Like Heatherwick, who designed Vessel's teacup form with upper-story office workers in mind, Woltz wanted "to create a site that was quite graphic" for the square and gardens. The firm consulted 400-year-old maps to determine the site's original environmental conditions (it was a wet meadow) and captured a snapshot of native flora from that time, Woltz told AN.

This is one of NBW's two active commissions for landscapes over infrastructure: The platform the park sits on is the ventilation cover for the rail yard below, and the platform had to be engineered to support 200 mature trees. “The landscape operates in a seven-foot-thick sandwich of structure. I will never in my life take for granted being on real earth, because everything here is constructed,” Woltz said.

Amid exhalations on Twitter, some raised concerns about the accessibility of the public spaces, especially Vessel, whose stair-fixation seemed to exclude parents with strollers and people who use wheelchairs.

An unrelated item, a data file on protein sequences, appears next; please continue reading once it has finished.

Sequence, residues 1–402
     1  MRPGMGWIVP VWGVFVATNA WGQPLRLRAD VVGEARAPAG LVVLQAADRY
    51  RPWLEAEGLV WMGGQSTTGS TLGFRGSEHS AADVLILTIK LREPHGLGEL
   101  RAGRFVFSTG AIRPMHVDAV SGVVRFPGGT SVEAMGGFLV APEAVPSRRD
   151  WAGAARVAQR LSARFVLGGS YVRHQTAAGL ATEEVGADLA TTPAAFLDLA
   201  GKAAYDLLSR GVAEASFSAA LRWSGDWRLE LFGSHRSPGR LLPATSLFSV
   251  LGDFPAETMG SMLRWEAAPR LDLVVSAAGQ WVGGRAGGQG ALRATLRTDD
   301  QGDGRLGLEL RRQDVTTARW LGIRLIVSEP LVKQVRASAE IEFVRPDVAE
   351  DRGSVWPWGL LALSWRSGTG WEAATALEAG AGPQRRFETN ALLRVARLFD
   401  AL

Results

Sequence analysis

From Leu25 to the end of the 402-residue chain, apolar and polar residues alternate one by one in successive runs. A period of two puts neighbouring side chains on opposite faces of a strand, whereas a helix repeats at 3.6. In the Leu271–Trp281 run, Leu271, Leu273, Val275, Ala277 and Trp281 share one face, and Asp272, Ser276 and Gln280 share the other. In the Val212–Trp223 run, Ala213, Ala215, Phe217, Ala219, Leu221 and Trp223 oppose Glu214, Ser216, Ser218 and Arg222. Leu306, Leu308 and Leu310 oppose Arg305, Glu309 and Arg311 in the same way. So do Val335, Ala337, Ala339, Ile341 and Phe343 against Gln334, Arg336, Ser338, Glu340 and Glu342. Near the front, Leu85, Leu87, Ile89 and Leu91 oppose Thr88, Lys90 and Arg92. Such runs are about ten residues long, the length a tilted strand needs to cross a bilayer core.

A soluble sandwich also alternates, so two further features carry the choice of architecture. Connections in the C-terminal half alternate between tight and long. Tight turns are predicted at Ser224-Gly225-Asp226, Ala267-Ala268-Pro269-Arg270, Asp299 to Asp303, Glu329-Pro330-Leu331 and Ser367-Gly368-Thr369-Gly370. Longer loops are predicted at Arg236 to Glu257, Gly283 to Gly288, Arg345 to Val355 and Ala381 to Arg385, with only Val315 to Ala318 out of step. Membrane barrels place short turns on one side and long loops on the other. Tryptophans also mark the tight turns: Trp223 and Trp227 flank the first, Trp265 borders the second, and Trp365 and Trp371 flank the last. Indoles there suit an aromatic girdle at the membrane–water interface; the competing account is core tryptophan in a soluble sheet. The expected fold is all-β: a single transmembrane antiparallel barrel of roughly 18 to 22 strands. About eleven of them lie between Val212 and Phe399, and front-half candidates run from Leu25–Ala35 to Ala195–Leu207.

A model depicted elevators on a fixed track—hardly the expansive views and exuberant movement promised by the architects. The project is inclusive, Heatherwick maintained. He told AN that the model is outdated; new renderings, including the bird's eye view, below, were captured from elevators that snake around Vessel's insides on curving tracks.

The High Line, with the new perspectives it gives people on public (and private) space, was key to Heatherwick's approach to Vessel, which he calls "a device, not a sculpture." In the most successful public spaces, there's a chemistry to seeing that's aided by human interaction, he said. A good public space, too, should offer an element of play. "I asked, 'Why are playgrounds only made for children?' We're creating a vertical structure for all of us."